Estonia will continue to import Lithuanian spot gas despite a falling Russian long-term contract price, market sources have told ICIS.
According to Estonian system operator Elering, the average Russian import price in the country was at least €5/MWh more expensive than traded prices at Lithuania’s GET Baltic exchange between January-May. The price spread between the two Baltic States was at its widest when Russian long-term contract gas into Estonia was €7.60/MWh higher than its Lithuanian equivalent in March.
Since the opening up of the Lithuanian and Estonian markets, those Estonian shippers which can diversify their procurement have been nominating down their long-term contracts and instead importing from Lithuania instead.
As the premium of the Russian long-term contract over Lithuanian spot prices has eroded month on month, there had been concern from some sources that the reduced arbitrage opportunity would limit Lithuanian imports.
The price spread between the two gas markets started to narrow in June, and in August Elering estimated the Estonian-Russian gas price was at €20.95/MWh, which was €2.60/MWh above its Lithuanian GET Baltic equivalent.
But despite the lower profit margin, gas will continue to flow from Lithuania to Estonia, market sources have told ICIS.
“We are continuing to trade, it doesn’t really affect us, there may be less incentives for arbitrage, but whenever there is price difference, trade will happen,” said Marko Allison, a partner from independent energy trader BEP.
“We have trades [in place] up to the end of the year,” he added.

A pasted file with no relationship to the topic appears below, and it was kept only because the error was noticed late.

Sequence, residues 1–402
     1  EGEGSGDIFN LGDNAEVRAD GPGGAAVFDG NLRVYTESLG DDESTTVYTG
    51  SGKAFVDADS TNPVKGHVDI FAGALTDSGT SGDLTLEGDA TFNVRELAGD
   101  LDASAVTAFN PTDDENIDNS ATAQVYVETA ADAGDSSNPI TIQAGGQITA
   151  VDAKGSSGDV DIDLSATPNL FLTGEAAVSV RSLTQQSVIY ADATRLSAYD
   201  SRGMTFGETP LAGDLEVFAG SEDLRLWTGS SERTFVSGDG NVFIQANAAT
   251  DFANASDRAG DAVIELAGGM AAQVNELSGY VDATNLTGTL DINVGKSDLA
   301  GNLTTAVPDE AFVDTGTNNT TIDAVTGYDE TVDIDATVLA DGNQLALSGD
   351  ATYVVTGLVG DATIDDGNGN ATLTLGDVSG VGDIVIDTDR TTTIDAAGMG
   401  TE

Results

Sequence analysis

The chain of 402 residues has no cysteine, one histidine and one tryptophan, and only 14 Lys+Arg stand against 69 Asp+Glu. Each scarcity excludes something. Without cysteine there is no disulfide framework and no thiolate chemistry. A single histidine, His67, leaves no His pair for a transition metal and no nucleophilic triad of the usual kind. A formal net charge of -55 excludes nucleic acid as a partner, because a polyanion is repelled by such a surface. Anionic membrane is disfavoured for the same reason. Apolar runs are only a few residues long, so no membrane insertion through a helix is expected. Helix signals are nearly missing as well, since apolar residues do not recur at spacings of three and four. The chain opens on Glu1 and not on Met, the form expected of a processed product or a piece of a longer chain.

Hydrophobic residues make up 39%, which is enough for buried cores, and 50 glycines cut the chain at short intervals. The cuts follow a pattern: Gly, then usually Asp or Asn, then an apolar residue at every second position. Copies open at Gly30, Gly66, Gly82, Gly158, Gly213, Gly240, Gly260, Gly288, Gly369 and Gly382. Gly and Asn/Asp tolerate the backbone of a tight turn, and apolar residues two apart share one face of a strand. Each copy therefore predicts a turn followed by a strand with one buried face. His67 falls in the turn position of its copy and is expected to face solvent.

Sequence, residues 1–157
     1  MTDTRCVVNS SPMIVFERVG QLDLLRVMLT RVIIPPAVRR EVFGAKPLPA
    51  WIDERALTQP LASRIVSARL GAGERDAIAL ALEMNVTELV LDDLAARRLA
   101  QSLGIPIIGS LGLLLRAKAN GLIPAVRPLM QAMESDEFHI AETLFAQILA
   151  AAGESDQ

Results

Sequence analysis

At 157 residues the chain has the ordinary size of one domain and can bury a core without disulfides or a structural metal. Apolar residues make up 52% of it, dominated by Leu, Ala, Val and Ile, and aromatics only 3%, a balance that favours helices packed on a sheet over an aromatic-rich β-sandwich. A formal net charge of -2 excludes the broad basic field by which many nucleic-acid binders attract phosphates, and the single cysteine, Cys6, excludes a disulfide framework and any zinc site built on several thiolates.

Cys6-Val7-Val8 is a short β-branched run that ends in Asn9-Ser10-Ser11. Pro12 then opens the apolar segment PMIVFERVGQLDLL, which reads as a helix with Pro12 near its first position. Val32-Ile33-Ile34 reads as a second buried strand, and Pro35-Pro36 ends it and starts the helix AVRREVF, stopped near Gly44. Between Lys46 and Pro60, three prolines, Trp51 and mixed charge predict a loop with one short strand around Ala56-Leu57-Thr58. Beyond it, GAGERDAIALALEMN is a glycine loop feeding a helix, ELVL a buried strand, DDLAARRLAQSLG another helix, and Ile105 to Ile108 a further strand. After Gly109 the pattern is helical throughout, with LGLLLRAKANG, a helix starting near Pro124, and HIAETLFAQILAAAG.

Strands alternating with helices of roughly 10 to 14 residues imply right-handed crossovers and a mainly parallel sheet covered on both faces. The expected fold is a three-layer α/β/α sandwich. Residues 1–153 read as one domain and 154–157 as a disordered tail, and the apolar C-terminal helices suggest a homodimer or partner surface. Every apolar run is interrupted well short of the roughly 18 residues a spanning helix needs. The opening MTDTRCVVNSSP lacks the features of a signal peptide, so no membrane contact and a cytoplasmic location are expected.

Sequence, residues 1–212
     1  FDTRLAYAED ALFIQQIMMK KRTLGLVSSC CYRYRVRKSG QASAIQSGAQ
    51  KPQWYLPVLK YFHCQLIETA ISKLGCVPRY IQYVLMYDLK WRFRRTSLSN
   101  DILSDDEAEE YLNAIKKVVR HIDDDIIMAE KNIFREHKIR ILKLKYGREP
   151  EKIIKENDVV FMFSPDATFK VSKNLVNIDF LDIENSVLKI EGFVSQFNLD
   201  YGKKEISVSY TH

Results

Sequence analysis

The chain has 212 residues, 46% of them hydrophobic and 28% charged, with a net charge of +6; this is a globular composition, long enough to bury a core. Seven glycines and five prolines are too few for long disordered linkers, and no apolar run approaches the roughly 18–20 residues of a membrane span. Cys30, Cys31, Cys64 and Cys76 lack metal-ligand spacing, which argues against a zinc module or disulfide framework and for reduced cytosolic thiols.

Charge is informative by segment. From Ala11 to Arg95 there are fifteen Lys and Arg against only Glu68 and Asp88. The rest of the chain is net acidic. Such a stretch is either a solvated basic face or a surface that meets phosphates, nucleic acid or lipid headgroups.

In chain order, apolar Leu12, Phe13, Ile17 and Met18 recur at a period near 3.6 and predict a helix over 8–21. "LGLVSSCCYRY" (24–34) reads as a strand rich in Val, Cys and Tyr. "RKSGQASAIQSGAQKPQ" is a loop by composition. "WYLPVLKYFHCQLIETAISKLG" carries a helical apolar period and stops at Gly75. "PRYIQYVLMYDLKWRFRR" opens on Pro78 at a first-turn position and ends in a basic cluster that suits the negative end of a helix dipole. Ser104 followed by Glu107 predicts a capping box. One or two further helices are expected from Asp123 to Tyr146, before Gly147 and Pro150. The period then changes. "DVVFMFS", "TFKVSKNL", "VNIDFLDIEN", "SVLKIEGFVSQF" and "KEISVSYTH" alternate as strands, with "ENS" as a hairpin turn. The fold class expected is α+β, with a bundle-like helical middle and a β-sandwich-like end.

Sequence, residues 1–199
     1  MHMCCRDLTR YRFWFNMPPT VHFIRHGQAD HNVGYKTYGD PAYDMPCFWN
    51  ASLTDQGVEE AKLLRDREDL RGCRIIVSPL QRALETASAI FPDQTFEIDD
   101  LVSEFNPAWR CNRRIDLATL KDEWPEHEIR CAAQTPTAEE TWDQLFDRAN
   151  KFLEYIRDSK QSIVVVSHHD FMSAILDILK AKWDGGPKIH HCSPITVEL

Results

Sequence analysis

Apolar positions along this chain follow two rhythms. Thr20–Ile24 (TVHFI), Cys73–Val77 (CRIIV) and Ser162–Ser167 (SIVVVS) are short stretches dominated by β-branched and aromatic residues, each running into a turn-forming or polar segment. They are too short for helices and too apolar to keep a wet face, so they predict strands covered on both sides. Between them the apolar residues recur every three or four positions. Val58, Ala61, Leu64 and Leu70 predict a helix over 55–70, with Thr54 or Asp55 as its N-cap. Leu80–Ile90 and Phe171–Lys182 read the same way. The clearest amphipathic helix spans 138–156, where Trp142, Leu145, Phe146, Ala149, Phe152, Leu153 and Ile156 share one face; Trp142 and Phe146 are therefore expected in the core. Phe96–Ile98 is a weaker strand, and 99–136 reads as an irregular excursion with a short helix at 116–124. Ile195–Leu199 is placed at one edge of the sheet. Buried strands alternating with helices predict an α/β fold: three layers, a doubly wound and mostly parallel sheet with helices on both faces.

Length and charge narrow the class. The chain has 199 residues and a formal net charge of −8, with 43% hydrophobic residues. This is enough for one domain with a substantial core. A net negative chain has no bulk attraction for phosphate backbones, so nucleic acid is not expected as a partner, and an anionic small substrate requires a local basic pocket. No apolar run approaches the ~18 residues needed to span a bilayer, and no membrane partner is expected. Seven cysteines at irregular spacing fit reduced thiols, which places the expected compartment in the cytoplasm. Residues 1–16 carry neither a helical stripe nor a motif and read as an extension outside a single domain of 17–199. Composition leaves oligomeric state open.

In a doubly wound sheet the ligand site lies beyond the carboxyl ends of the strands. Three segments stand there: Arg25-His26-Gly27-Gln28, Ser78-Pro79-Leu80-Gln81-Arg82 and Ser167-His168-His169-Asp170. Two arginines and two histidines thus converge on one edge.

Since the beginning of this year, Estonia has been importing up to a quarter of its total monthly gas demand from Lithuania, and market participants expect this volume to maintain at similar level for the rest of the year.
The market share of Lithuania gas supply in Estonia could stay at the same level as some of the supply contracts have been locked in from earlier in the year, sources said.
The lower gas prices was primarily caused by the global decline in oil prices, which pulled Russian Gazprom’s oil-indexed supply contract lower with Estonian incumbent Eesti Gaas lower.
Consequently, some expect that gas prices could fall further following the downtrend in oil.
If prices in Estonia were to fall below those in Lithuania, there could be an opportunity to sell the cheaper Estonian gas to Lithuania, said Allison.
Prior to the operation of Lithuania’s Klaipeda LNG terminal in October 2014, Gazprom was the only supplier in the Baltic region. Unlike Lithuania’s incumbent, Estonia did not receive a 20% discount from Gazprom. As a result gas prices in Estonia are usually higher than in Lithuania.
The LNG delivery at the Klaipeda terminal provided an opportunity for Estonia to import alternative gas supply sourced from Lithuania in December 2014, which was the first time non-Russian supply was delivered into the Baltic country.
Lithuanian imports – which need to transit Latvia – were conducted last month by traders BEP, Reola Gaas, Estonian power utility Eesti Energia and utility VKG group. email@example.com